Paxton, Massachusetts

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Paxton is a town in Worcester County, Massachusetts, United States. The population was 4,386 at the 2000 census.

Contents

History

Paxton was first settled in 1749 and was officially incorporated in 1765.

The Town of Paxton was originally taken from the towns of Leicester and Rutland, in nearly equal parts, and was incorporated February 12, 1765. It then received its name from Charles Paxton, a "Commissioner of the Customs". The inhabitants soon commenced their plan for building a meeting house, and on the first day of April, 1765, the town voted to build it. It was raised on the 18th day of June, 1766, and this is the frame of the present meeting house.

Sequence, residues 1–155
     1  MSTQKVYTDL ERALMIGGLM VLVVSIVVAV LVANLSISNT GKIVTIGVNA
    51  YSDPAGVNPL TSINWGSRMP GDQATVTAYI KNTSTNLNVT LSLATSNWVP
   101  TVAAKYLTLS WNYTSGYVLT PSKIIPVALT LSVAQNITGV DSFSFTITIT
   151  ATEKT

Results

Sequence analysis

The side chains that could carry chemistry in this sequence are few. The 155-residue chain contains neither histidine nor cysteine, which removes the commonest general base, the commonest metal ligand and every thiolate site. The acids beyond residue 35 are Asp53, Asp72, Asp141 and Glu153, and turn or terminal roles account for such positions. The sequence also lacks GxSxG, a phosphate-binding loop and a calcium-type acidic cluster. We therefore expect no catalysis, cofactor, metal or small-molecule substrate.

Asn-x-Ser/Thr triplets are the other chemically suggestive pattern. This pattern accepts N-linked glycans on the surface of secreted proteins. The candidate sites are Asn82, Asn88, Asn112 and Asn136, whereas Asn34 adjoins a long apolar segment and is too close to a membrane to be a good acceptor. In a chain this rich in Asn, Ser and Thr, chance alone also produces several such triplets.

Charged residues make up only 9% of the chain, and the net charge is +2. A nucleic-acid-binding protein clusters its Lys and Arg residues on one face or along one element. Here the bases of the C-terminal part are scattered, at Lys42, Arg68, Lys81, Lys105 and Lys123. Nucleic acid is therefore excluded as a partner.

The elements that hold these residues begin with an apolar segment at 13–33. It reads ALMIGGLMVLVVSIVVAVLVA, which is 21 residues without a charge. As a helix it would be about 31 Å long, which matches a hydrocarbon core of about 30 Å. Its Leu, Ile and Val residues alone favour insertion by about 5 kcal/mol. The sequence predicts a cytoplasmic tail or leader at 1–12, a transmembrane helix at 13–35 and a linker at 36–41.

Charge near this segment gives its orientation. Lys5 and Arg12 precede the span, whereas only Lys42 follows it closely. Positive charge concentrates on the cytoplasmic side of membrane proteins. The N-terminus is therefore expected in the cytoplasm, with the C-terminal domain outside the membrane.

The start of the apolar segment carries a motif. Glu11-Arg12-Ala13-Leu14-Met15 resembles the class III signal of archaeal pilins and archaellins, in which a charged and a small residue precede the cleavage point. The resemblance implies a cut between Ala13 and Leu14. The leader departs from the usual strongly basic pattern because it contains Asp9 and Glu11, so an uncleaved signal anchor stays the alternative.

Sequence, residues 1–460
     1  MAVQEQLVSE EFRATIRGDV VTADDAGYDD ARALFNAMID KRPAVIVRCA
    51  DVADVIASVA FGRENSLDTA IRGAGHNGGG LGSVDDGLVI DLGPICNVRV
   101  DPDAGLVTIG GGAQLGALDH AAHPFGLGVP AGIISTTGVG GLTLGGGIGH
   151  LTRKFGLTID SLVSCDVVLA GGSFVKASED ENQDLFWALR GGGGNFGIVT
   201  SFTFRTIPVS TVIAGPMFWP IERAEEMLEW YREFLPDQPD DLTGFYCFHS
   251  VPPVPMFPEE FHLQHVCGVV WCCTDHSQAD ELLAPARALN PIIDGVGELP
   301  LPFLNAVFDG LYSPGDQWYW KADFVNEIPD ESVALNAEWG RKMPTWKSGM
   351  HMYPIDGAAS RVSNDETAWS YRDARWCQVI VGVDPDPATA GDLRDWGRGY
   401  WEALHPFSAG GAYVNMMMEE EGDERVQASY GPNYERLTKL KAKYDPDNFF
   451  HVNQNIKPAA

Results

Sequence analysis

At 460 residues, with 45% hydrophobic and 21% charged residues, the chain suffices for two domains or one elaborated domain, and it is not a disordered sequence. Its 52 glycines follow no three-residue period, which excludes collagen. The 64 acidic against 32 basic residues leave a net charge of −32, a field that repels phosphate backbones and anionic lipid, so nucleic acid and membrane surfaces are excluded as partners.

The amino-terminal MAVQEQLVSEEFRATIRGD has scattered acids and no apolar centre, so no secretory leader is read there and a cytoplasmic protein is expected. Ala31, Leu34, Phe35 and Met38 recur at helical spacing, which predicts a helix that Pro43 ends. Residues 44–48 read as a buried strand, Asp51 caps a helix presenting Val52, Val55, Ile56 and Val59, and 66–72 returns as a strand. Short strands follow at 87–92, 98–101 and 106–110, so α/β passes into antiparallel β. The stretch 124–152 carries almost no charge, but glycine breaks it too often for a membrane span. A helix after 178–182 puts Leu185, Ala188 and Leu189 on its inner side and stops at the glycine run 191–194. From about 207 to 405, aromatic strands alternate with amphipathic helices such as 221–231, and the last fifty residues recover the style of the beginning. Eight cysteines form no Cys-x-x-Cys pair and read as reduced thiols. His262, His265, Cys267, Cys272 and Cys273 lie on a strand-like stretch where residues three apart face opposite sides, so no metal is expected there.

In 1766 within two years of the incorporation of the town, the foundation of the present meeting house was laid, on what is now the common, near the flag staff. The land was given by Seth Howe, from a piece of his pasture.

David Davis went to Boston, with a pair of oxen and drew to Paxton the bell now in use, which was made by Paul Revere.

Geography

According to the United States Census Bureau, the town has a total area of 15.5 square miles (40 km2), of which, 14.7 square miles (38 km2) of it is land and 0.7 square miles (1.8 km2) of it (4.78%) is water.

It is bounded on the west by Spencer and Oakham, on the northwest by Rutland, on the northeast by Holden, on the southeast by Worcester, and on the south by Leicester.

Demographics

As of the census[1] of 2000, there were 4,575 people, 1,428 households, and 1,153 families residing in the town. The population density was 297.7 inhabitants per square mile (114.9 /km2). There were 1,461 housing units at an average density of 99.2 per square mile (38.3 /km2). The racial makeup of the town was 96.69% White, 0.68% African American, 0.09% Native American, 1.07% Asian, 0.57% from other races, and 0.89% from two or more races. Hispanic or Latino of any race were 1.55% of the population.

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